Memoirs about growing up in Hungary attract eccentric titles. Last year, Adam Biro gave us the intriguing One Must Also Be Hungarian. Now comes this bafflingly named book by Péter Zilahy, a young writer and performer from Budapest. Perhaps being Hungarian requires a minimum level of eccentricity.
Like Biro, Zilahy is all too aware of the overwhelming tragi-comedy of Hungarian identity in the 21st century. They used to be great at making films, brilliant at football, and "invented the airship, the ballpoint pen and the safety match – they're just everywhere!" Or they used to be: nowadays the cultural powerhouse of Budapest rarely makes the news.
The Last Window-Giraffe isn't an attempt to revive the glory days of the Austro-Hungarian empire. In fact, it's less about Hungary and more about its neighbour Serbia. Subtitled "a picture dictionary for the over-fives", Zilahy's book is a memoir of the anti-Miloševic protests in Belgrade of 1996-1997, ingeniously disguised as a children's book. "Ablak", the Hungarian for "window", is the first word in the Hungarian dictionary; "zsiráf" ("giraffe") is the last. A dictionary, Zilahy has it, "juxtaposes words that you never find together in real life": a potent symbol for accidental, cacophonous Eastern Europe.
The alphabet is the only reliable system of order in The Last Window-Giraffe. The rest is a tour of Shandyian digressions, with Zilahy's narrator time-travelling from one decade of political turmoil to the next. Deceptively innocent children's-book illustrations and the author's snapshots illustrate the journey. That feature, and the rambling narrative, bring to mind the writing of WG Sebald; but unlike his Germanic counterpart, Zilahy finds it hard to keep a straight face while pondering history's absurdities. The favourite song of the protesters, he explains, is based on a pun on the Serbian words for "voice" and "vote". Of course, he says, "MTV have made a clip from it."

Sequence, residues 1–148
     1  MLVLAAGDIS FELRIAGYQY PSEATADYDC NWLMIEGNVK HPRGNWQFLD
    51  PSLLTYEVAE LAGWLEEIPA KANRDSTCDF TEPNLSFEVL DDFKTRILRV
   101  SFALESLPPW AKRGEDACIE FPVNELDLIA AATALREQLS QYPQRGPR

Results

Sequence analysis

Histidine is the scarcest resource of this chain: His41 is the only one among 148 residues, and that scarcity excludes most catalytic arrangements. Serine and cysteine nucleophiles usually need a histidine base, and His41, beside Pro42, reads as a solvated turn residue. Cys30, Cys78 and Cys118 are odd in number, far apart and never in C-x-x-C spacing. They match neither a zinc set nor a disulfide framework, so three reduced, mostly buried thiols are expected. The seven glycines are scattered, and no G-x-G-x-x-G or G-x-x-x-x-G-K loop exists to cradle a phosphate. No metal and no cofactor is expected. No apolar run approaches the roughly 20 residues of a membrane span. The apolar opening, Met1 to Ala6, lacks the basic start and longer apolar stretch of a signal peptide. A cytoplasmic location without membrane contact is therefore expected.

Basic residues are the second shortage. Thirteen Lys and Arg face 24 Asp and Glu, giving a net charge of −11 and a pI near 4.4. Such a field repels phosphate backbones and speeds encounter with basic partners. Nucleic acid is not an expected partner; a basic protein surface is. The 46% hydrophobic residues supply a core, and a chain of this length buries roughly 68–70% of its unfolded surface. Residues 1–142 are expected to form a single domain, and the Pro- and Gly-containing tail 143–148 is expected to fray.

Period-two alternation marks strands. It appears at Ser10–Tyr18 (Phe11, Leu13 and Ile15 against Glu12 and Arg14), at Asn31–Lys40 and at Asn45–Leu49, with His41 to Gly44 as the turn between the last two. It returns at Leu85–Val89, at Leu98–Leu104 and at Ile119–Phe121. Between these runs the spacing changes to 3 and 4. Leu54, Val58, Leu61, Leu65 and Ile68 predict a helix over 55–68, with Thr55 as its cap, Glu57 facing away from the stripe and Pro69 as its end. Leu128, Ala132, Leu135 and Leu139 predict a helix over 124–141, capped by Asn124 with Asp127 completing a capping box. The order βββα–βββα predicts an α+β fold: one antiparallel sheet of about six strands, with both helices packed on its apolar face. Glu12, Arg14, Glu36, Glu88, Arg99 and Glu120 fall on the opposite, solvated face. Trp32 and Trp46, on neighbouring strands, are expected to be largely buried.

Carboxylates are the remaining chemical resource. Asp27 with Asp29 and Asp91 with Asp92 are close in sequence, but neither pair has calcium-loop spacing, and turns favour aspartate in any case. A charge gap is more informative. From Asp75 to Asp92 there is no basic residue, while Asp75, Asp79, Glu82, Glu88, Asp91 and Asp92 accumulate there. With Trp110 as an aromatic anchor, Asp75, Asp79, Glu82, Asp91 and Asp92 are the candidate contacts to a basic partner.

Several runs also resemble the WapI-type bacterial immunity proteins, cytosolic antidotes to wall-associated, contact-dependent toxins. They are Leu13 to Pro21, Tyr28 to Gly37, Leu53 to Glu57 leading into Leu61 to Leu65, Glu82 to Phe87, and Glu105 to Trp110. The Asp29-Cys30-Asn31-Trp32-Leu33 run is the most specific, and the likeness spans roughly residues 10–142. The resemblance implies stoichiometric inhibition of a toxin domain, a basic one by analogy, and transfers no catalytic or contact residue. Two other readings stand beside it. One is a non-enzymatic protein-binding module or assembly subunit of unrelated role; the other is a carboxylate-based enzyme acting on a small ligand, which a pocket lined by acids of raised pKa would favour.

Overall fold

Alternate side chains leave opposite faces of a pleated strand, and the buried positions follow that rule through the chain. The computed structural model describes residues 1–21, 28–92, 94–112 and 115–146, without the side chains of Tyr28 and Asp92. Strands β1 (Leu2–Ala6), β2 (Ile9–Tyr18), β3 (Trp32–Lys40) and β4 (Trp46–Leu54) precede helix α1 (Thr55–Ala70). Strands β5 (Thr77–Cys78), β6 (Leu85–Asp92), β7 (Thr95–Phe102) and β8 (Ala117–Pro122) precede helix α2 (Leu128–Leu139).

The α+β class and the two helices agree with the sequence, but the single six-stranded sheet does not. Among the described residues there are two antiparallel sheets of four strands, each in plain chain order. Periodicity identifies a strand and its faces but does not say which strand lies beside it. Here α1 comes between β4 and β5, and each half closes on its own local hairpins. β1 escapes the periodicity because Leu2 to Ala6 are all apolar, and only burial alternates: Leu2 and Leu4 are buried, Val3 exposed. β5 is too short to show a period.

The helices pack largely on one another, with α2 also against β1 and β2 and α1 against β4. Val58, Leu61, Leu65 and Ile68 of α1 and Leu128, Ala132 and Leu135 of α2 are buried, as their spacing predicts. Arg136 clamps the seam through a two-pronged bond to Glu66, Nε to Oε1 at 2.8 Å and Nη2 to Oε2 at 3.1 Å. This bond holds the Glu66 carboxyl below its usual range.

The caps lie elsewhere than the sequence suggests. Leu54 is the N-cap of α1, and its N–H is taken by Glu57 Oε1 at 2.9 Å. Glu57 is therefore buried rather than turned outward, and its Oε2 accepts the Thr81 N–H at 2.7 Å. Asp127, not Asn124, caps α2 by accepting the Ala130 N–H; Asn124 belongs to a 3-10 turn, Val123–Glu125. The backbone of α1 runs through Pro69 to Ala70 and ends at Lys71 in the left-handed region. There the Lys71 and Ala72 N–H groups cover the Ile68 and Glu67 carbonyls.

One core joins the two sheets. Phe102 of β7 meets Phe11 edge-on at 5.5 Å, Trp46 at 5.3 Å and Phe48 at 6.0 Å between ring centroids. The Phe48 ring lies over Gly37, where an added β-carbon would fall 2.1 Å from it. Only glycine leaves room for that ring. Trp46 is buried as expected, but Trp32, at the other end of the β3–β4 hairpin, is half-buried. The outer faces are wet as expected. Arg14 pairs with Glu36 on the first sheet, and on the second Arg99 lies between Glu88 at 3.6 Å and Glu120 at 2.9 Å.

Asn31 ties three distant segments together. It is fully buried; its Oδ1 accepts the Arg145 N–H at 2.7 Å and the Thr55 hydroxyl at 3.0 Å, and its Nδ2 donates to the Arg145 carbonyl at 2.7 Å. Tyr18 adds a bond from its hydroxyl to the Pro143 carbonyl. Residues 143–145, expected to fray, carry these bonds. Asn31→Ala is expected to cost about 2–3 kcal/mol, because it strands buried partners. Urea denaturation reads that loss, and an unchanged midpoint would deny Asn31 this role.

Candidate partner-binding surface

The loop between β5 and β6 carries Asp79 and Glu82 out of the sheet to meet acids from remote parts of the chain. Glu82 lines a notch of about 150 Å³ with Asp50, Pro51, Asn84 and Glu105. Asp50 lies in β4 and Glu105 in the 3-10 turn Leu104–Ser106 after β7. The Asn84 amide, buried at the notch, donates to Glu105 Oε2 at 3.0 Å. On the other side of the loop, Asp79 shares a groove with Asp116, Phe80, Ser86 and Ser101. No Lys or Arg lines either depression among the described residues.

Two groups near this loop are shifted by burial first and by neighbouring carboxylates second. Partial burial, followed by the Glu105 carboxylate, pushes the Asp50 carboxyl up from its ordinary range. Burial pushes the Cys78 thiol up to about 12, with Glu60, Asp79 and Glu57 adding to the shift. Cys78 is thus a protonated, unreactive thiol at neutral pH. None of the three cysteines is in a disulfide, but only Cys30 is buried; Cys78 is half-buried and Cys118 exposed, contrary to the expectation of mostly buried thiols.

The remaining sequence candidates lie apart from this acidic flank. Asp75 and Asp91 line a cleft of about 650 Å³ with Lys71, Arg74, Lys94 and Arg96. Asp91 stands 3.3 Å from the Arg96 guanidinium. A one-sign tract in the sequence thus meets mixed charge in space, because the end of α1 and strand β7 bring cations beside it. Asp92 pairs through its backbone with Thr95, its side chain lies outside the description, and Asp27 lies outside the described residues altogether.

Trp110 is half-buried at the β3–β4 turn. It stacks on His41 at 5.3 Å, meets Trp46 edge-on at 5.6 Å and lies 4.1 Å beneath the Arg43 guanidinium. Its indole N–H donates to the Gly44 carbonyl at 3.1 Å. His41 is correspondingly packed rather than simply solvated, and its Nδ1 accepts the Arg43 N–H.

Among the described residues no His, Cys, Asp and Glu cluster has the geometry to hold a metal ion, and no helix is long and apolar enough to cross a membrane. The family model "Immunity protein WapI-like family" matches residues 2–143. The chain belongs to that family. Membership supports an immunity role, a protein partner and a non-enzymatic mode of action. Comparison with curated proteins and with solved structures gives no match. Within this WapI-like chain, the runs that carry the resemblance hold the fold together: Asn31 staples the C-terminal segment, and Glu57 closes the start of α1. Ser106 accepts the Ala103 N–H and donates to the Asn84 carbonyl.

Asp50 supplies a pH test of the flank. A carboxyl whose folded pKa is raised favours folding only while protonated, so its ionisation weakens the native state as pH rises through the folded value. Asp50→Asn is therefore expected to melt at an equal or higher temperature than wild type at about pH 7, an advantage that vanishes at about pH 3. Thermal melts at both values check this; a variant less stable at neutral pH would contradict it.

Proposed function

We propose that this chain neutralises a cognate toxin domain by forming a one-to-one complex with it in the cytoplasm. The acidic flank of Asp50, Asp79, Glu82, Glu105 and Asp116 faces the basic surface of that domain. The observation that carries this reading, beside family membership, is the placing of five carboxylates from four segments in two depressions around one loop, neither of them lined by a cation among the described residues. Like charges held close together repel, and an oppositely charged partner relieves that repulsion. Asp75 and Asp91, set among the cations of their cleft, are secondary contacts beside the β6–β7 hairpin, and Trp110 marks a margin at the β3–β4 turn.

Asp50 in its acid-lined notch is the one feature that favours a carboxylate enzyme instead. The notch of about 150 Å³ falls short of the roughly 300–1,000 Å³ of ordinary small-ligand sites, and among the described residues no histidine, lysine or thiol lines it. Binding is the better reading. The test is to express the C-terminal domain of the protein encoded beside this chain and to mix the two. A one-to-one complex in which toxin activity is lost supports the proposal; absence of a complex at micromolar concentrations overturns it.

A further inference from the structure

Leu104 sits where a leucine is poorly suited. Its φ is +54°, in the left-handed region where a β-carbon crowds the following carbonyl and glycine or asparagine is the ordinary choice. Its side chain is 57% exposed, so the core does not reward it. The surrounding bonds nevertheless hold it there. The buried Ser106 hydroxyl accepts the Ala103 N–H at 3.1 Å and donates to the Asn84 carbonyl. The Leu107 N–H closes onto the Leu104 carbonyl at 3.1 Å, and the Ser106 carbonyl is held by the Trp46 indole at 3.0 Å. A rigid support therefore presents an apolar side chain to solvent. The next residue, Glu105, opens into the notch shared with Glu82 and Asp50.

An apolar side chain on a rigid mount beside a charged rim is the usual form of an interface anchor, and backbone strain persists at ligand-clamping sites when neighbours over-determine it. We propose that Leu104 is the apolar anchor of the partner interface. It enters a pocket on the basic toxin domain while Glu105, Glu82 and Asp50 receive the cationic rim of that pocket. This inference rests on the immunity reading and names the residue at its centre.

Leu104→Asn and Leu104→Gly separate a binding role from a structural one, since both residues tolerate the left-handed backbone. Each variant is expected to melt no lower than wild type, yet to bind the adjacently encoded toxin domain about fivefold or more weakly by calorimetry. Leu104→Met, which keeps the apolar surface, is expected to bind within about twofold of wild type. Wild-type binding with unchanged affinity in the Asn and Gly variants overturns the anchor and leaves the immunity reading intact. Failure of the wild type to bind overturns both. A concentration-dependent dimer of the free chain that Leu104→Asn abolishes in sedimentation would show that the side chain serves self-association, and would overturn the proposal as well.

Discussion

His experimental memoir is at its most impressive when it plunges us straight into the masses of students marching through Belgrade, chanting, whistling and drumming with wooden spoons. The protesters strike up unexpected friendships with the riot police; the narrator starts to fantasise about "vivacious police kittens, winking from underneath their helmets". Zilahy's account is often funny, but always raw and direct: a far cry from the nostalgic soup often poured over the spectre of 1968.
Anthem Press, £12.99. Order for £xx.99 (free p&p) on 0870 079 8897Reuse content